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Home / WorldTech / According to the study, green spaces can play a big role in our mental health

According to the study, green spaces can play a big role in our mental health



Our mental health often feels like a mystery. A happy mood can inexplicably give way to sad or frightening thoughts. While we try to manage our emotional well-being through things like talk therapy, self-care apps, meditation, and medications, it's easy to feel that satisfaction is hard to achieve.

However, scientific research suggests that we overlook a key factor in optimal mental health: nature.

You may be skeptical about the idea that parks and plants make a real difference in our happiness, but the research is convincing. A large number of studies on this topic repeatedly point to a strong connection between green space and mental health. In general, scientists believe that "green space" experiences can improve mental health by improving the immune system, promoting physical activity and social interaction, limiting air pollution and noise that disturbs thinking, and turning a raging mind into a state to bring peace.

Take out a study published on Monday . Procedure of the National Academy of Science s. The researchers used data from Danish health records for more than 940,000 children born between 1

985 and 2003, and analyzed their psychological implications associated with the green surroundings of their homes. They found that the relative risk of developing a psychiatric disorder in adolescence or adulthood was significantly higher (from 15 to 55 percent) for those who were the least green-covered.

Even though the researchers dominated parents' age and socioeconomic status, family history of mental health, urbanization, and socio-economic factors of the city (such as median income, education, and unemployment in which the child lived), green areas continued to be protective Benefits for mental health. The strongest link between green space exposure and increased risk of developing a psychiatric disorder was evident for those who had lived in central Copenhagen, while the weakest was found in rural Denmark.

There are questions that the study can not answer. For example, whether people with a higher genetic risk for mental illness tend to be more dense urban areas, or whether unrecorded socioeconomic factors such as higher crime rates and lower green space could result play a role in mental health outcomes. However, this research encourages us to rethink how nature in an urban environment can improve or harm our mental health – and what we want to do about it.

Kathleen Wolf, a research-oriented social scientist at the University of Washington's School of Environmental & Forest Sciences who was not involved in the PNAS research, believes that these and other studies indicate that we need green spaces in Take cities seriously to improve the quality of life and well-being of people in everyday life.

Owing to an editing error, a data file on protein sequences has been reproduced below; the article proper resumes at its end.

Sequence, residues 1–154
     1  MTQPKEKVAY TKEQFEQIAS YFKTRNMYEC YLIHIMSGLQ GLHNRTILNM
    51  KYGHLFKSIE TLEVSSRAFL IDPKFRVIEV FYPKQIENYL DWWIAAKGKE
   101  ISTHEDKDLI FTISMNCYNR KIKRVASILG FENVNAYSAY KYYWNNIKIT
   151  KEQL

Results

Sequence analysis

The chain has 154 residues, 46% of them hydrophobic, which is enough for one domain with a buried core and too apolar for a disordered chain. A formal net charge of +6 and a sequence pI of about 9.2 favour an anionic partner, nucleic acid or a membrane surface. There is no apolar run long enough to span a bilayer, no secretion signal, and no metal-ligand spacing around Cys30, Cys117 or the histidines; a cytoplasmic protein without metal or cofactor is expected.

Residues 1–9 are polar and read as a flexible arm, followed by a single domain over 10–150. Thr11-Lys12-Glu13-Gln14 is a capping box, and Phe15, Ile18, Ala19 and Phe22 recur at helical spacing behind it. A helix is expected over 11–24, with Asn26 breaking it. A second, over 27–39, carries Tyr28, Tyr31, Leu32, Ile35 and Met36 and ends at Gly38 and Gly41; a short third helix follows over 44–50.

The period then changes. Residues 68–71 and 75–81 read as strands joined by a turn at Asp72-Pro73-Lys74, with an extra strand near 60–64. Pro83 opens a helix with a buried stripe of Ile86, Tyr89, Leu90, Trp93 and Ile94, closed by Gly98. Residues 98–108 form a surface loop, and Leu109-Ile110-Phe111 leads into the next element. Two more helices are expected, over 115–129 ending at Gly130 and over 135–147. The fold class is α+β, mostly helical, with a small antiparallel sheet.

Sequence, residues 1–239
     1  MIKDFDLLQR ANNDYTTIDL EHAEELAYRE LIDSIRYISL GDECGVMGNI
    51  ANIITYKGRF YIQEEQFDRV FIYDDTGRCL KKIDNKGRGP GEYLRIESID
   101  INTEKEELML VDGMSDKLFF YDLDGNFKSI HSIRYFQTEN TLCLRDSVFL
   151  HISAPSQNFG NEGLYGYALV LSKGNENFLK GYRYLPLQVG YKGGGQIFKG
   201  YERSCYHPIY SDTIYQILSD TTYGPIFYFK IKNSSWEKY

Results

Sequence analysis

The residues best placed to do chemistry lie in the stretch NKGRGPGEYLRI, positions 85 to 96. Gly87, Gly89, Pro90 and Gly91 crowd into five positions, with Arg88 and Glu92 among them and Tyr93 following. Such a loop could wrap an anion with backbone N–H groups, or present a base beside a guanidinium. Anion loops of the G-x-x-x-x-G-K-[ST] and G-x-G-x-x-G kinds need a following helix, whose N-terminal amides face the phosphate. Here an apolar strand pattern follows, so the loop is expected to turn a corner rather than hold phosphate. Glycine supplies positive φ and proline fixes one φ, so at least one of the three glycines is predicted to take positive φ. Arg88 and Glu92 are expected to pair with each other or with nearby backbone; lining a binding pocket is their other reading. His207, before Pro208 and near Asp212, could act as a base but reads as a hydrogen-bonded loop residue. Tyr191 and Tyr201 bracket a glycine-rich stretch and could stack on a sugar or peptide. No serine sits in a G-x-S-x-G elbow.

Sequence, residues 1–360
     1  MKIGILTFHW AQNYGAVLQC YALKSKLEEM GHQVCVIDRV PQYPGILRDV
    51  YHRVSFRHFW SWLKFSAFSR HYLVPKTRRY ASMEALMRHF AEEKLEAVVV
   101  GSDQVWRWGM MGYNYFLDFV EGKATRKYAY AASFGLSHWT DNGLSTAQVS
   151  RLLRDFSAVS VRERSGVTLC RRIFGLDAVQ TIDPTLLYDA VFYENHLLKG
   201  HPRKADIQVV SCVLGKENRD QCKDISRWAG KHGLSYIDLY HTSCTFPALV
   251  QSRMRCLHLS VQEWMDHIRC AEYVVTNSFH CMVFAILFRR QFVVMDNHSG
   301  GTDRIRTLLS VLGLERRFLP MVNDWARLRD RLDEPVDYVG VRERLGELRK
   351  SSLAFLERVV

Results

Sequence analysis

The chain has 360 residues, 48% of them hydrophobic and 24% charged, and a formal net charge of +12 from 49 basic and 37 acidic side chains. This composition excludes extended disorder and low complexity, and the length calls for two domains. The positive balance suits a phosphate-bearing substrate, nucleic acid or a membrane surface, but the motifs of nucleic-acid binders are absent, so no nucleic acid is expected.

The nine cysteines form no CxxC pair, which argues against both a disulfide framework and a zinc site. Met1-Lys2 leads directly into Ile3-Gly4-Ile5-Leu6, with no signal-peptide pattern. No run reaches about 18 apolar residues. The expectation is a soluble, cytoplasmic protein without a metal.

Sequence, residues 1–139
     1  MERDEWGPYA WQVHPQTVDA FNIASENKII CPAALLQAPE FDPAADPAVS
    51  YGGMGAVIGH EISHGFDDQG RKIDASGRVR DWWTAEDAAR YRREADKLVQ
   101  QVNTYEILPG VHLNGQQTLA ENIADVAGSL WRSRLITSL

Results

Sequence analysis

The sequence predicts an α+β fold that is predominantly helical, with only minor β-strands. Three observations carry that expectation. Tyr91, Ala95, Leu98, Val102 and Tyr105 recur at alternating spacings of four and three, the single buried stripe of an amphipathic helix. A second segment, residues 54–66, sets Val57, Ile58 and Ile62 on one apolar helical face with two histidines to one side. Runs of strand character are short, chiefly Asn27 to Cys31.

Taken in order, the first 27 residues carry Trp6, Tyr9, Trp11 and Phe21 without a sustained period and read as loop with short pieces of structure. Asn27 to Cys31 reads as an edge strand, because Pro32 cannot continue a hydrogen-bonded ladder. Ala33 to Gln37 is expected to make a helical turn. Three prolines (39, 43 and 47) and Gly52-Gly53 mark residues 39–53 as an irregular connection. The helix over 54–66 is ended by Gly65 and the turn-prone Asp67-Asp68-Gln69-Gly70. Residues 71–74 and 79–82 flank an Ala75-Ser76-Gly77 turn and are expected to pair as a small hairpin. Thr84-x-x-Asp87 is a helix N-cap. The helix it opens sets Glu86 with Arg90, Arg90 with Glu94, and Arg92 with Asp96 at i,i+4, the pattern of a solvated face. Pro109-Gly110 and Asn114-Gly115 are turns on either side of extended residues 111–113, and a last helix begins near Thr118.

"Can we alleviate pain and suffering through urban greening and other interventions before it happens?"

Some see trees and gardens as "beautiful, ruffled things" that we should have around us, says Wolf. Encounters with green spaces and nature, however, they see as a way to prevent mental illness or reduce it.

"Can we alleviate pain and suffering by urban greening and other interventions before it happens?" says Wolf.

It's a bold vision that sounds like it's confusing green space as a panacea for everything that hurts us, but Wolf is more realistic. She knows that Greening alone can not prevent every mental condition, but she is also confident that the design and creation of public spaces, green spaces, schools and parks can significantly improve the quality of life and emotional well-being of people. Scientific research indicates that experiencing natural environments in urban environments helps people recover from the constant, unobtrusive stress of city life.

Although the importance of green space for mental health is sometimes a hot topic, this is partly due to scientific studies not to compare with the popularity of conversations about self-care or meditation. That's because these pastimes can be customized with apps, workshops, and classes by everyone (and also as a commodified).

However, creating more green space can be bureaucratic or logistical. You need to learn who decides how to design parks in your city or how to get to green areas by public transport. This is a particularly grueling exercise for city dwellers with little time and low income. Sometimes, according to Wolf, decision-makers and managers place parks, trees or other green spaces in communities without engaging local residents to find out what makes them practical, practical and culturally relevant.

Tools such as therapy and medications can be expensive but are also critical to mental health. And given the barriers to creation and access to green spaces, it is no wonder that people see the former as one of the only options for their well-being.

With evidence of the link between nature and public health, Wolf says that professionals planning cities should create greening policies and programs so that everyone can have access to nearby nature. She believes that such features should be as important in urban planning as transportation and housing.

Another study that highlights the link between green space and mental health is a timely opportunity to remember that people are not solely responsible for promoting their own emotional and psychological wellbeing. Those planning the streets, parks, schools, and office buildings that surround us play an important, albeit indirect, role as guardians of our mental health. And we should be able to fight for our mental health by demanding what we deserve: green spaces with the potential to help everyone succeed.

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